MP raises Norfolk and Suffolk 'dental desert' concerns in Parliament

People are being told to wait until 2024 for dentist appointments while others are being removed fro

An MP has said parts of Norfolk and Suffolk are 'dental deserts', with patients unable to get NHS appointments. - Credit: PA

Parts of Norfolk and Suffolk are becoming "dental deserts", with people unable to get access to NHS dentists, one of the region's MPs has told Parliament.

Peter Aldous, Conservative MP for Waveney, challenged the government to tackle the issue during the debate over the Health and Care Bill on Tuesday, November 23.

MP Peter Aldous

Waveney MP Peter Aldous. - Credit: Jamie Honeywood

Mr Aldous said: "Access to NHS dentistry is a problem which has been brewing for a long time, exacerbated by Covid and there are now parts of the country, particularly rural and coastal areas, where there are dental deserts.

"It's invariably children from poorer households and vulnerable adults who suffer the most.

"The crisis is acute in Suffolk and Norfolk, but it is not confined to East Anglia."

Mr Aldous said the bill was a framework to address the problem, but called on the government to ensure increased funding is provided and the new NHS dental contract is rolled out next April.

Mr Aldous said recruitment and retention of dentist professionals should be stepped up and dentistry given a greater voice on integrated care boards.

He said: "At the current time, people are pulling out their own teeth. Children are having whole mouth replacements and early signs of cancer are going undetected.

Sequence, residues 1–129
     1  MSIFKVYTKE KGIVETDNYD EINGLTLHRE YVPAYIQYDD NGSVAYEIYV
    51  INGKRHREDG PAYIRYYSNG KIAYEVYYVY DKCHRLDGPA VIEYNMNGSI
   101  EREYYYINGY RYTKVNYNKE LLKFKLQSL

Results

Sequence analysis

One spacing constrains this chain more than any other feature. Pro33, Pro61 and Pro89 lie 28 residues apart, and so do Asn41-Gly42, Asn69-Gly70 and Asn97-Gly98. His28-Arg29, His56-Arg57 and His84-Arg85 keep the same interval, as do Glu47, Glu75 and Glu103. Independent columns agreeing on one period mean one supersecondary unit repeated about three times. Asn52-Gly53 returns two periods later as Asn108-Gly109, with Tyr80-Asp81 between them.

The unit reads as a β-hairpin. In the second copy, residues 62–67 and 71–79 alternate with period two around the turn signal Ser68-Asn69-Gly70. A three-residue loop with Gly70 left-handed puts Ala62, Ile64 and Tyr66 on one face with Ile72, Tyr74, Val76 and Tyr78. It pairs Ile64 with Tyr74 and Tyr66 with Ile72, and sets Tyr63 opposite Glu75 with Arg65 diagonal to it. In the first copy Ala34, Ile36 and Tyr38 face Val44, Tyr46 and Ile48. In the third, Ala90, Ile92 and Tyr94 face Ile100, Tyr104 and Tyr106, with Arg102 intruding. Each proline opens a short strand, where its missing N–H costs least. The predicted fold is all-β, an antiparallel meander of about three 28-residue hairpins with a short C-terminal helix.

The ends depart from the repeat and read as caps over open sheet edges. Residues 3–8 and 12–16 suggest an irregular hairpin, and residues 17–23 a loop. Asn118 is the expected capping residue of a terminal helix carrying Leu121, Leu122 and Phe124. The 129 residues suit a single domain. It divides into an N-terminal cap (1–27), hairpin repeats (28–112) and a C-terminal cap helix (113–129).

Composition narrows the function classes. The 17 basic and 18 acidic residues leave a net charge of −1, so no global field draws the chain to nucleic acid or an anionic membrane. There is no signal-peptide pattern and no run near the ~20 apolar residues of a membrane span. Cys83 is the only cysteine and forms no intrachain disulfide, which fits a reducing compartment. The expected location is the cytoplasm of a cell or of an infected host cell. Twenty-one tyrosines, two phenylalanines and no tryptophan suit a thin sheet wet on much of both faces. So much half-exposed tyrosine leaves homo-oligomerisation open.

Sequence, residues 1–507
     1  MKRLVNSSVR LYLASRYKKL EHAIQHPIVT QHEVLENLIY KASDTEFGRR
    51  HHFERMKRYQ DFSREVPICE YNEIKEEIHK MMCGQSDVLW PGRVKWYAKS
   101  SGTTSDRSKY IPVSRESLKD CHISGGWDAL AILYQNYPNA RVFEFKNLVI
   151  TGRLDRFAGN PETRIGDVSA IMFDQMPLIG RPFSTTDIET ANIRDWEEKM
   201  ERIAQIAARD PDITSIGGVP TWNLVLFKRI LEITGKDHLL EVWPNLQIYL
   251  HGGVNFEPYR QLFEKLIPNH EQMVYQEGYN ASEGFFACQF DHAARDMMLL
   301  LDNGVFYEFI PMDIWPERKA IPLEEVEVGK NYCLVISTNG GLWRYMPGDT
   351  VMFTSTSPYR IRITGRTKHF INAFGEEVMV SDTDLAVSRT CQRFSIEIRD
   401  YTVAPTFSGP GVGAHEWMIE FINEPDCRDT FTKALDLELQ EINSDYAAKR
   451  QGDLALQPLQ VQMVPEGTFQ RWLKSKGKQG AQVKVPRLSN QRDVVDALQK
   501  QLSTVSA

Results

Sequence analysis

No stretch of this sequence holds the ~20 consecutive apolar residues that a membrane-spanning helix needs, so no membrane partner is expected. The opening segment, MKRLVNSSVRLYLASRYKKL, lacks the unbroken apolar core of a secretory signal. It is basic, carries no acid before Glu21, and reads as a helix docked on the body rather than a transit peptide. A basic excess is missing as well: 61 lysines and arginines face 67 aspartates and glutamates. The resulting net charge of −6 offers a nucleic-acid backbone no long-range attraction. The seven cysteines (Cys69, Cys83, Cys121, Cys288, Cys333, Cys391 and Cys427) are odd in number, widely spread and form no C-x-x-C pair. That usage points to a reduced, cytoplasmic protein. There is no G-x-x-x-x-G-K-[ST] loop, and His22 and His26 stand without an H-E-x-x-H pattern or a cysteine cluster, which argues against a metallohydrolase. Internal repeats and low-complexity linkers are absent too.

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"We need to act now to put in place an NHS dentistry system that is fit for the 21st century, instead of reversing into the 19th century."

He called on health secretary Sajid Javid's department to come up with a "clear plan for addressing this crisis", which he said was affecting people around the country.

Health secretary Sajid Javid

Health secretary Sajid Javid - Credit: PA Wire/PA Images

And Norwich South Labour MP Clive Lewis said: "We need a properly resourced dentistry service that works for everyone.

"The reason we haven't got one has been years in the making.

"Dentistry is scandalously underfunded and is the only element of the English health service that has to scrape by on a budget lower than it had when the Conservatives came to power.

"The government has brought in uncaring and counterproductive contracts, which explicitly deter dentists from helping people with complex problems.

"This amendment doesn't - and can't - fix all of that. But I backed it, because it'd be at least a first step in the right direction for hundreds of local people who can't get the dental care they need."

This newspaper last month investigated how many dentists were taking on new NHS patients.

We called 75 dentists’ surgeries, in locations including Norwich, King’s Lynn, Lowestoft, Great Yarmouth, Beccles, Dereham, Fakenham, and Hunstanton.

None were taking new NHS patients. Almost all said their waiting lists were closed.

Fewer than six said they were taking on new patients but only on a referral basis from other dentists. Ten said they were accepting private patients.

NHS England had said it was procuring new dental services for Norfolk and Suffolk, for new services for adults and children for routine as well as urgent appointments. 

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